COP-21 Roundup: Dec. 1 – Day 2

Published 08:56 on December 1, 2015  /  Last updated at 15:16 on December 2, 2015  /  Climate Talks, International  /  No Comments

All the world leaders have mostly come and gone, and delegates from nearly 200 countries can get around to the business of negotiating a new global climate deal. Carbon Pulse is publishing a daily summary of key developments, and will continuously update it throughout the day.

All the world leaders have mostly come and gone, and delegates from nearly 200 countries can get around to the business of negotiating a new global climate deal. Carbon Pulse is publishing a daily summary of key developments, and will continuously update it throughout the day.

2131 CET – KAZAKHSTAN ETS: Kazakhstan has proposed allocating 737.7 million allowances to ETS participants over the 2016-20 period, a senior government official said Tuesday, which would translate into a 4% drop or a reduction of 6 million units per year compared to the 2014-15 second trading phase.

2036 CET – SOIL AND CARBON MARKETS DON’T MIX: Soil sequestration projects are unfit for use in carbon markets, according to a report published today by Carbon Market Watch.  “Technical difficulties associated with accounting for soil carbon such as proving additionality, measuring sequestration amounts and addressing non-permanence, spur from a fundamental difference in fossil carbon and biological carbon,” it said.  The report was released as agricultural ministers from France, Germany and Uruguay announced support for a new soil carbon climate initiative called ‘4 per 1000’ under the Lima-Paris Action Agenda, which will increase sequestration projects in a voluntary action plan backed by the Food and Agriculture Organization (FAO). “While not a crediting initiative, there are currently no overarching environmental or social criteria for what projects are to be developed,” Carbon Market Watch added.  “If a project uses genetically modified seeds that help maintain soil carbon but weaken a farmer’s adaptation capacity in a drought because it’s his only crop, it’s not a climate solution.”

2015 CET – FRENCH CASH FOR AFRICAN PROJECTS:  France pledged to increase funding for renewable energy in Africa to more than €2 billion between 2016-2020, representing a 50% increase on its previous commitment.  It is earmarking a total $6.4 billion over the next four years to help with Africa’s electrification, with around a third of that going towards renewables.  France also said it would gradually triple its bilateral adaptation and anti-desertification aid to €1 billion by 2020.  The cash will be directed mainly at projects forming part of African initiatives of the Great Green Wall and the protection of Lake Chad and the Niger River basin.  The Great Green Wall is a planned project by the African Union to plant a wall of trees across Africa at the southern edge of the Sahara in order to prevent the desert from advancing.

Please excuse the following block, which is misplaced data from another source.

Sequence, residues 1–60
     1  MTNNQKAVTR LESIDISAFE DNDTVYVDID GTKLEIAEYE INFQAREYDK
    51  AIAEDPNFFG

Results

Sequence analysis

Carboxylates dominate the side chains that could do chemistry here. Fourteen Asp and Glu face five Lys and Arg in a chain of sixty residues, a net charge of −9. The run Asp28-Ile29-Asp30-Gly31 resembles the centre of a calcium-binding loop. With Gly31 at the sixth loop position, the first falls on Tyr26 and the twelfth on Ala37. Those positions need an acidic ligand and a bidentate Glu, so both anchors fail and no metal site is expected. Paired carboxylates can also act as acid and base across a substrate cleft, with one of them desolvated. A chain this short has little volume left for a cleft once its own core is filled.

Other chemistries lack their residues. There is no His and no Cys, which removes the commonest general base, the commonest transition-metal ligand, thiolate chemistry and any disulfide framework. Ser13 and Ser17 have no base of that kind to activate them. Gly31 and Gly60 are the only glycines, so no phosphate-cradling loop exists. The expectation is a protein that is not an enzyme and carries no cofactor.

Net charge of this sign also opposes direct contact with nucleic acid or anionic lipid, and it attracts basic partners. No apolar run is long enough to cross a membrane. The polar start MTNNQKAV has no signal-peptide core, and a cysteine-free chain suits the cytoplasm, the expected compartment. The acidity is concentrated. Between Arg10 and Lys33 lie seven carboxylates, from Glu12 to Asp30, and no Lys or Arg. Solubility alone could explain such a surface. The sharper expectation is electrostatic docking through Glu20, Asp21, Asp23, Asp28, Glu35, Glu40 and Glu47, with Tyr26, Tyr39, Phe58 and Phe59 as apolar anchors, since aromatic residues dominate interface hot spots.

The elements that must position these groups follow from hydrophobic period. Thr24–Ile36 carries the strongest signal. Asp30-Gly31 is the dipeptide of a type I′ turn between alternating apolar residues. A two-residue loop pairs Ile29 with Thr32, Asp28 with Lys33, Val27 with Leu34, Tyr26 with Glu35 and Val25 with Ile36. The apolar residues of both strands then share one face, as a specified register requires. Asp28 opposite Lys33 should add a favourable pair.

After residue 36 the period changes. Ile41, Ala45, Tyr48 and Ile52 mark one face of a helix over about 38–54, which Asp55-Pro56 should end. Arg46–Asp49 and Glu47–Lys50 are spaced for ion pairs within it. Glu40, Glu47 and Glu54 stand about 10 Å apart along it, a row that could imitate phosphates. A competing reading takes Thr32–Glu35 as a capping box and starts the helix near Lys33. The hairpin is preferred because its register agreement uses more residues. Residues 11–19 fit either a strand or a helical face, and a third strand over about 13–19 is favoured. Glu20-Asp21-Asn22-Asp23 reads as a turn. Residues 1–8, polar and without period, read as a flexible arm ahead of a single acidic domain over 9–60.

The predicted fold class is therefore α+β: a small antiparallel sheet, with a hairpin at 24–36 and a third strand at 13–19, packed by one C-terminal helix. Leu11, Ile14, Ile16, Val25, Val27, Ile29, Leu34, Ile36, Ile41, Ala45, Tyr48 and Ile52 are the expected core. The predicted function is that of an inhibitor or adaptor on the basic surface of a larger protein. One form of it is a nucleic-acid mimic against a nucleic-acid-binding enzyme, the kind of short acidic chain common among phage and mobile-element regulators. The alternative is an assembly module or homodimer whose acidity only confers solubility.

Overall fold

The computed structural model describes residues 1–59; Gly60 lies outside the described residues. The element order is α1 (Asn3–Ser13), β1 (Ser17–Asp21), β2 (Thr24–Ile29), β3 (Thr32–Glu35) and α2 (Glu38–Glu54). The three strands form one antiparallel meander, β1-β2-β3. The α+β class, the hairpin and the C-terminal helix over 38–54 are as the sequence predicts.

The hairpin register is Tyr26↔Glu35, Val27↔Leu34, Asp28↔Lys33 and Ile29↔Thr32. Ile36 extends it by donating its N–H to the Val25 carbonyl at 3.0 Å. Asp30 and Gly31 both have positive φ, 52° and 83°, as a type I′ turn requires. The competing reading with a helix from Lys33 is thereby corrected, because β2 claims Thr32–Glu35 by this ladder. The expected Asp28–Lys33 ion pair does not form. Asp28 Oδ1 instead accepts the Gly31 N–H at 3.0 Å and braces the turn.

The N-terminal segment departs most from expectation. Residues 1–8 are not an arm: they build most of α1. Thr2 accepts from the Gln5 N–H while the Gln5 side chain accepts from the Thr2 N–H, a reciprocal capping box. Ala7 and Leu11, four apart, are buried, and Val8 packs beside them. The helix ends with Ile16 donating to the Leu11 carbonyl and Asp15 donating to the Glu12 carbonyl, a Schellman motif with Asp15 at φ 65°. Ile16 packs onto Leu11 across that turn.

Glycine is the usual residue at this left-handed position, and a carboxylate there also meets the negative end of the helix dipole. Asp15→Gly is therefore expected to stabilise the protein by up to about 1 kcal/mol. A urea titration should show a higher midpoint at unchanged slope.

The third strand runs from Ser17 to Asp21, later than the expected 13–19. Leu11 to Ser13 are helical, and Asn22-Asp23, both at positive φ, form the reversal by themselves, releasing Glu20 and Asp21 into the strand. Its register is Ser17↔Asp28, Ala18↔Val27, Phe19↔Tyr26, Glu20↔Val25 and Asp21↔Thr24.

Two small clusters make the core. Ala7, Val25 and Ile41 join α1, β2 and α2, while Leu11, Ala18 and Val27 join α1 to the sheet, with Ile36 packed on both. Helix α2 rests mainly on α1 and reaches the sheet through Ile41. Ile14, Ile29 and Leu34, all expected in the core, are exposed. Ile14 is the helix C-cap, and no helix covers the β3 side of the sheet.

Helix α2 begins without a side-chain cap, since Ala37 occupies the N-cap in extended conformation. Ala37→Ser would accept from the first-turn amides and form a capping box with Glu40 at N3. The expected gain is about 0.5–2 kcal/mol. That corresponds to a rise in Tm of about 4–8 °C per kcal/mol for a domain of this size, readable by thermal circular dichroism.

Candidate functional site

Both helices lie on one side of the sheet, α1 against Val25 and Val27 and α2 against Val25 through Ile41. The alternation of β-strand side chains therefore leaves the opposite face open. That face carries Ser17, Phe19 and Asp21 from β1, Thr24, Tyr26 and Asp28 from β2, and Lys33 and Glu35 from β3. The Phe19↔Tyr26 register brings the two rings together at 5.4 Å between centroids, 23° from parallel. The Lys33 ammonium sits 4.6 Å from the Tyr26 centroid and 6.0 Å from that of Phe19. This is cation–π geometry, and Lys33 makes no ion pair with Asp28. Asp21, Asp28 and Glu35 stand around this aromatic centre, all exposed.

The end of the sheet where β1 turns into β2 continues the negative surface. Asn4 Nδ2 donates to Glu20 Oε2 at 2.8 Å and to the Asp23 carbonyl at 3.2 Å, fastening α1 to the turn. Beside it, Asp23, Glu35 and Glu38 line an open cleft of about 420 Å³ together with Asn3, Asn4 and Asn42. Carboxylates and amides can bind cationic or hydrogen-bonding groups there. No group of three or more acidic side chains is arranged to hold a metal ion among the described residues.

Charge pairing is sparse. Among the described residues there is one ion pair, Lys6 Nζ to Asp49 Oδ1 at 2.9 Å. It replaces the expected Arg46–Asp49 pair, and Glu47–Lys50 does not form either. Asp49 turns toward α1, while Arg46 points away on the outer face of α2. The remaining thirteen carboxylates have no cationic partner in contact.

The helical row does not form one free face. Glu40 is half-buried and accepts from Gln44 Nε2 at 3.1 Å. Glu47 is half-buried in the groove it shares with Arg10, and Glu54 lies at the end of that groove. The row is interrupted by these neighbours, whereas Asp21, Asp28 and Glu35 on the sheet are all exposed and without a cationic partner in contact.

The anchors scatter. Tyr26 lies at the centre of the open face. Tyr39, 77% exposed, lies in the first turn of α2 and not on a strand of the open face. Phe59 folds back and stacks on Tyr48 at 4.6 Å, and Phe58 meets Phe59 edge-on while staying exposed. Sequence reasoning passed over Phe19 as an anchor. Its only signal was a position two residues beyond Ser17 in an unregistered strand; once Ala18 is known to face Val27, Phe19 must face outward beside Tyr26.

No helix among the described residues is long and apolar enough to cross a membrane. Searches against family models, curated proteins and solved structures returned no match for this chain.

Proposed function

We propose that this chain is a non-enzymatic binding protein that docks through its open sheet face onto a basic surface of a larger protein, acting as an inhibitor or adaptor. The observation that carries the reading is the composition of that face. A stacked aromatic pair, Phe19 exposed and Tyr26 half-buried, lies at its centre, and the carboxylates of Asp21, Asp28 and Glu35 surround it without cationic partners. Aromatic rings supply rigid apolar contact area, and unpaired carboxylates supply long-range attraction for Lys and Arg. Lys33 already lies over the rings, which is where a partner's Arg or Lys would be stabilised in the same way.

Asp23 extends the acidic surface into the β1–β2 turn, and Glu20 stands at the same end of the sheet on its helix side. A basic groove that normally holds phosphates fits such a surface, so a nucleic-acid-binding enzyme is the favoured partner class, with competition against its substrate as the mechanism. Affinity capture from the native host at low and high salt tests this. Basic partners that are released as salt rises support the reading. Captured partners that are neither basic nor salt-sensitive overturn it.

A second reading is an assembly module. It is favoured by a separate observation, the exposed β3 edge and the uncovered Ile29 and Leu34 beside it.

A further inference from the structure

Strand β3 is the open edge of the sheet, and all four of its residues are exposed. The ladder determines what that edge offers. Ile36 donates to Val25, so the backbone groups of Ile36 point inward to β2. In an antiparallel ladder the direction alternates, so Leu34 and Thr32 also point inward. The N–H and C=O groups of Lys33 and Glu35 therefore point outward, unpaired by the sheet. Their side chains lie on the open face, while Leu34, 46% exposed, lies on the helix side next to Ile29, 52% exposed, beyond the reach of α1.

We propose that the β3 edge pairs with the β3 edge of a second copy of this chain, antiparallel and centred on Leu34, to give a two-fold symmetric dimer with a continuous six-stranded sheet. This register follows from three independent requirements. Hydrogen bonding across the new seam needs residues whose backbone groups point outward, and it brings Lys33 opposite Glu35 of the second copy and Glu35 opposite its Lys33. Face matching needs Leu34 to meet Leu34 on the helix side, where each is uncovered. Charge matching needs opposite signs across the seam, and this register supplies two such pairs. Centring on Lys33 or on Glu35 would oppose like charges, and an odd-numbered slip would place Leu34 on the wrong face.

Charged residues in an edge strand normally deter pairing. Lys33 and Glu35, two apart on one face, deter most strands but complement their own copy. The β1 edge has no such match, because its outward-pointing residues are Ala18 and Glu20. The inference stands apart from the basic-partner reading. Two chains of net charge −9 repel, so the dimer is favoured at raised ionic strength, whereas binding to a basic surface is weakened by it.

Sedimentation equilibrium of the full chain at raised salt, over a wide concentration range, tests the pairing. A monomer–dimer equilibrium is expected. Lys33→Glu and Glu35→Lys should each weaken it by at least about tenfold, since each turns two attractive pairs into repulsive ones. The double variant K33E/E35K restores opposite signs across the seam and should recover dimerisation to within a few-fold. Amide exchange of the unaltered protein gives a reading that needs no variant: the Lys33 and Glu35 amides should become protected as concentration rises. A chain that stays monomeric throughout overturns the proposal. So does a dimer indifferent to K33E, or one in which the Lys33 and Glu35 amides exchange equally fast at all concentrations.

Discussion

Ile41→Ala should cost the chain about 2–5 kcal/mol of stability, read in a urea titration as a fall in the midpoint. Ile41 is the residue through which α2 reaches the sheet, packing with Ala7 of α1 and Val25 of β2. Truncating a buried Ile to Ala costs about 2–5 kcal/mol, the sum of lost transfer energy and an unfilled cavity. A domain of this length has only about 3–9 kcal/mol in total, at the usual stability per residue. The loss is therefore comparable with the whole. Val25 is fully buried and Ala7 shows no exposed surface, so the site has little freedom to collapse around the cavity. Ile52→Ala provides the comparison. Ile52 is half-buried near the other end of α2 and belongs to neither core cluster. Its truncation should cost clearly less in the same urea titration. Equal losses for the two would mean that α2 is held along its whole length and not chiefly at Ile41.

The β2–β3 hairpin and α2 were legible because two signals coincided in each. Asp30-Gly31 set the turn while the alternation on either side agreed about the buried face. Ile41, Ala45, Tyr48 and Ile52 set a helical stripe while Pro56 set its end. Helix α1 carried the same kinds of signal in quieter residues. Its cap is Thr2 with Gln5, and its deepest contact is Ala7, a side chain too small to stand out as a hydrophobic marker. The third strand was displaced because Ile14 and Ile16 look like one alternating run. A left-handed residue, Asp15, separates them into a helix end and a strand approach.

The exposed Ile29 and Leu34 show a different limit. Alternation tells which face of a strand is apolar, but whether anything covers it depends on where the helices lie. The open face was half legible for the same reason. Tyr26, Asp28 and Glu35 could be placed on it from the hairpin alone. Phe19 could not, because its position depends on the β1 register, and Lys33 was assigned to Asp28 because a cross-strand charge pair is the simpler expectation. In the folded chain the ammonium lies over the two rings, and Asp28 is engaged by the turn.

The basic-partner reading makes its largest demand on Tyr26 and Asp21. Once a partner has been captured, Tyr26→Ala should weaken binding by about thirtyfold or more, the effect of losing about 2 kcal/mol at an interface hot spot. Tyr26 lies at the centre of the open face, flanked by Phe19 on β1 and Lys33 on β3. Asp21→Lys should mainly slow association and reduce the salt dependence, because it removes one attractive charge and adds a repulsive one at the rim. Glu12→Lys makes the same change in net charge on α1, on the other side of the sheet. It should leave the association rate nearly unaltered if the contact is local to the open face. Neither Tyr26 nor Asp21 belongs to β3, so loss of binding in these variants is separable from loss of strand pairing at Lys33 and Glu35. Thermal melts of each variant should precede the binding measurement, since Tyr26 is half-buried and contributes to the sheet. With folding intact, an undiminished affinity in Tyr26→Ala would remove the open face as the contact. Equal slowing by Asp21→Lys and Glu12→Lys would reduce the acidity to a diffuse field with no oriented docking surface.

Separately, the African Union announced plans to mobilise $20 billion to develop at least 10 gigawatts of renewable energy on the continent by the end of the decade, Bloomberg reported.  The African Renewable Energy Initiative will be partially funded by the GSF and hosted by the African Development Bank, which will also act as a trustee.

1951 CET – COP-22 IN MARRAKESH: A source from the Moroccan delegation told Carbon Pulse that his country has been all but approved to host next year’s UN climate summit in Marrakesh after facing no opposition from other nations to its offer.  The meeting will he held earlier than normal, running from Nov. 7-18, 2016.  After that, there has been some talk in the UN negotiations’ corridors of changing the timetable so that COPs are held every two years rather than annually.

1901 CET – US CLIMATE CASH: President Obama said he expects the US to fulfil its pledge for climate finance that it has made to developing countries, despite efforts from congressional Republicans to block the aid.  “My expectation is that we will absolutely be able to meet our commitments … This is part of American leadership, by the way. This is part of the debate that we have to have in the US more often. Too often American leadership is defined by sending troops somewhere,” he said at a news conference before he was due to leave Paris after two days of talks.  Earlier, he met with AOSIS (The Alliance of Small Island States), highlighting that he himself was “an island boy” and pledging to stand with those endangered nations as the years-long negotiations towards a new global agreement enter their final stage.  He also offered them $30 million to help insure against climate risks.